Viral host receptors represent logical therapeutic targets, because they are essential for SARS-CoV-2 cellular entry and infection1. Among these, ACE2 is particularly appealing1. ACE2 is a transmembrane carboxypeptidase with a broad substrate specificity, including angiotensin II, that acts as the main receptor for SARS-CoV-2. It directly binds to the spike proteins of different coronaviruses, with a high affinity for SARS-CoV-2, rendering it indispensable for viral entry11. Accordingly, COVID-19 predominantly affects tissues that express ACE2, such as the lungs, the cardiovascular system, the digestive tract and the biliary tree12,13.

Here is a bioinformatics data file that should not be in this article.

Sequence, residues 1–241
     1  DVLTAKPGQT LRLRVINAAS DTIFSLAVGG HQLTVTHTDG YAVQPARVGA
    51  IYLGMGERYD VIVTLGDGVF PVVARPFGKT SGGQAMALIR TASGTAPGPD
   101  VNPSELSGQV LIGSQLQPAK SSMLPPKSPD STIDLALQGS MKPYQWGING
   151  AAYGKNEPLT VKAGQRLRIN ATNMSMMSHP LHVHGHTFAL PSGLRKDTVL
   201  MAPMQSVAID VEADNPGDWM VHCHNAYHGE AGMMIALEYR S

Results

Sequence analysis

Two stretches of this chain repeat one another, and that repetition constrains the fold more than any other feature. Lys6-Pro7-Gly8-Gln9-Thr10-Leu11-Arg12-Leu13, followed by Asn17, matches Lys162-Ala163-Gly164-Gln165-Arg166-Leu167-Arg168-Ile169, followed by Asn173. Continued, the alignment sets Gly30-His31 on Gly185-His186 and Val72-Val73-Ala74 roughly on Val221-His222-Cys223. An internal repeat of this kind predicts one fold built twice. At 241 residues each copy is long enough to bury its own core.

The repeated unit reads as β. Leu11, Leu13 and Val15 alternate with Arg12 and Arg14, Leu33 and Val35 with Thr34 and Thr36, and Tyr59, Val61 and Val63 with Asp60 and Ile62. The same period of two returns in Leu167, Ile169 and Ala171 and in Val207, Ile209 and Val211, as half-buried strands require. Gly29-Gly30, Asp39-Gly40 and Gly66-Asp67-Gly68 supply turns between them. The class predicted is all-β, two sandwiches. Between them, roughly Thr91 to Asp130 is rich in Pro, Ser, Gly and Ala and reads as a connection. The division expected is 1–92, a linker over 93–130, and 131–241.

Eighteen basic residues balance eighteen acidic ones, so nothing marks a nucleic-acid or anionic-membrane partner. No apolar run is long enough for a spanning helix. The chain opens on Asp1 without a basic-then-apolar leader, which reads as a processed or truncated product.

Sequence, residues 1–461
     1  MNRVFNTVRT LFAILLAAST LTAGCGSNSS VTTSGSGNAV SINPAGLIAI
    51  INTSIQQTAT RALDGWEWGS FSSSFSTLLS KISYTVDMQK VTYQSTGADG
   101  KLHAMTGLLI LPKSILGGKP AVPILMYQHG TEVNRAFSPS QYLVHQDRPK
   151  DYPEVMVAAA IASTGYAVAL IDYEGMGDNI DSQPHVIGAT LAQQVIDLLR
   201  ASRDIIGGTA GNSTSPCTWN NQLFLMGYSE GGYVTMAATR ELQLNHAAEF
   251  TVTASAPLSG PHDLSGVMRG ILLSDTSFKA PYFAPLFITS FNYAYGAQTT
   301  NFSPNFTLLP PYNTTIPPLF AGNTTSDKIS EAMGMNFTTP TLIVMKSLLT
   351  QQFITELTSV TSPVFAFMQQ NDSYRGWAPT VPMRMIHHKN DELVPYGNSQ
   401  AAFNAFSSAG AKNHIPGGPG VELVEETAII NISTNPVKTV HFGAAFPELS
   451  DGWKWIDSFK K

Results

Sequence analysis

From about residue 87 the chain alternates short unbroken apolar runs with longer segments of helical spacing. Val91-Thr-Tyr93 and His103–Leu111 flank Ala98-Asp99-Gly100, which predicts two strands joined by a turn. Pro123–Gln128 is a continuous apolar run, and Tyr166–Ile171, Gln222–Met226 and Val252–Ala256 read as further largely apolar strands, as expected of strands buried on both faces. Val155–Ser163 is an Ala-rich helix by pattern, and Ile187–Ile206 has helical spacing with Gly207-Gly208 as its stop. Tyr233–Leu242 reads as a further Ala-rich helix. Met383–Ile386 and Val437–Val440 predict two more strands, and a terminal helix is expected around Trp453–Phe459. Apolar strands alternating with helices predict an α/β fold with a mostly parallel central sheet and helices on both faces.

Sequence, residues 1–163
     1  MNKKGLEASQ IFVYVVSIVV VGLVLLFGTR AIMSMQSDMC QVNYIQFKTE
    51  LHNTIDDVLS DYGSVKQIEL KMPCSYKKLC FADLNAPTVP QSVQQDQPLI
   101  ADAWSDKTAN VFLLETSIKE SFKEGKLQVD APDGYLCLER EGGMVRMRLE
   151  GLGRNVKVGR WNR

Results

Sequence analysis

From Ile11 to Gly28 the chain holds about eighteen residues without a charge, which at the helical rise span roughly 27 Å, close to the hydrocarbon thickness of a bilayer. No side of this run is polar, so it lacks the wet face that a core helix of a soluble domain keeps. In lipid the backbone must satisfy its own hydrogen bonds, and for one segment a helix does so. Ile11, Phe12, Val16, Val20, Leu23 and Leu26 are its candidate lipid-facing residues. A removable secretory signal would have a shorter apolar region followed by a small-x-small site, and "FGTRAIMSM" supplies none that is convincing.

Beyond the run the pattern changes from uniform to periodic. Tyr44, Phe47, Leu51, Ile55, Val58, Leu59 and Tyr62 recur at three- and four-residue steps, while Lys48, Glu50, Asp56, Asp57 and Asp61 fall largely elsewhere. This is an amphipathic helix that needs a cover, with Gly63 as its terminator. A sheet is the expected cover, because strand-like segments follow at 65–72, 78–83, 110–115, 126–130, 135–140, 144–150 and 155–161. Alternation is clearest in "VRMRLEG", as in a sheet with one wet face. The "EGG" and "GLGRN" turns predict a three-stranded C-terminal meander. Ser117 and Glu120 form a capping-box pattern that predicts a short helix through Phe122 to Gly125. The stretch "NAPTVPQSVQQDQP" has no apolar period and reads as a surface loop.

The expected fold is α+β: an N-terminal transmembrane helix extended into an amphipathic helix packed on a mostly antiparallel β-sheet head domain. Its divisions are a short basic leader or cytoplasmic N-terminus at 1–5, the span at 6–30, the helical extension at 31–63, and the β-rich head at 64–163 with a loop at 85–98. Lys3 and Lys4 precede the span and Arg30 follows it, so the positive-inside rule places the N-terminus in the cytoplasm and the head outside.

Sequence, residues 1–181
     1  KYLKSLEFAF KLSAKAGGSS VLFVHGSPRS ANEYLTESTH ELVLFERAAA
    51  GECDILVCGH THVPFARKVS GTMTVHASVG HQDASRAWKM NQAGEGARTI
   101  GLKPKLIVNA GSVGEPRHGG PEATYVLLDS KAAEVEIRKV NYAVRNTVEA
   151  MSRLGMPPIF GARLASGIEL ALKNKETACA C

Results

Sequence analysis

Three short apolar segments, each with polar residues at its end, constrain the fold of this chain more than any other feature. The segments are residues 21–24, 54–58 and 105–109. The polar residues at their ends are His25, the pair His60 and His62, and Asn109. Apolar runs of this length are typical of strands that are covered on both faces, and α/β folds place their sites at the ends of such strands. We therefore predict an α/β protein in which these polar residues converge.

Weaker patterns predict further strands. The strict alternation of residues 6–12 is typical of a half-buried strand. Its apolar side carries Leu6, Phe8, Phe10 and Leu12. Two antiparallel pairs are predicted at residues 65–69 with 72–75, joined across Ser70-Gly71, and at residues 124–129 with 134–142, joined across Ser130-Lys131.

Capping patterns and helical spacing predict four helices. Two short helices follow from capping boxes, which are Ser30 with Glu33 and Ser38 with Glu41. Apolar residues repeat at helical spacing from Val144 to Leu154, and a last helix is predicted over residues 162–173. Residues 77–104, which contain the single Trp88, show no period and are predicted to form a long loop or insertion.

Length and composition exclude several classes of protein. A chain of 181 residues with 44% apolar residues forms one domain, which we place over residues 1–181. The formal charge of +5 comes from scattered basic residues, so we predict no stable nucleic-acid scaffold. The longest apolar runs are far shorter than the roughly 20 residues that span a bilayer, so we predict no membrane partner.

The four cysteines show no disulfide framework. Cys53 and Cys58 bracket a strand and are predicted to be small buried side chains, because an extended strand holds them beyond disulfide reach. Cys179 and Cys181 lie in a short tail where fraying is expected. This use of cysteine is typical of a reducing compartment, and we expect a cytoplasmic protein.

Modifying the expression of ACE2 could impede viral entry and protect against infection with SARS-CoV-2 and potentially other coronaviruses that use the same receptor. Furthermore, because ACE2 is a host-cell protein, its expression is not likely to be affected by mutations in the virus. Therefore, therapies that modulate ACE2 expression may be effective against multiple SARS-CoV-2 variants with a higher genetic barrier to resistance. However, the mechanisms that control ACE2 expression remain unclear. Here we use human cholangiocyte organoids as a proof-of-principle system to demonstrate that the bile acid receptor FXR controls the expression of ACE2. We show that this mechanism applies in several SARS-CoV-2-affected tissues, including gastrointestinal and respiratory epithelia. Subsequently, we demonstrate that suppressing FXR signalling, by using the approved drug UDCA or the over-the-counter phytosteroid z-guggulsterone (ZGG), reduces ACE2 expression and SARS-CoV-2 infection in vitro and in an airborne transmission model in golden Syrian hamsters. We repeat our experiments in human lungs and livers perfused ex situ and show that administering UDCA at physiologically relevant concentrations reduces ACE2 and viral infection in both organs ex vivo. We then demonstrate a reduction in the levels of ACE2 in the nasal epithelium of volunteers receiving clinically approved doses of UDCA. Finally, we interrogate an international registry cohort of patients with COVID-19 and chronic liver disease, identify a correlation between UDCA therapy and better clinical outcomes from COVID-19 and reproduce these results in a second independent cohort of liver-transplant recipients.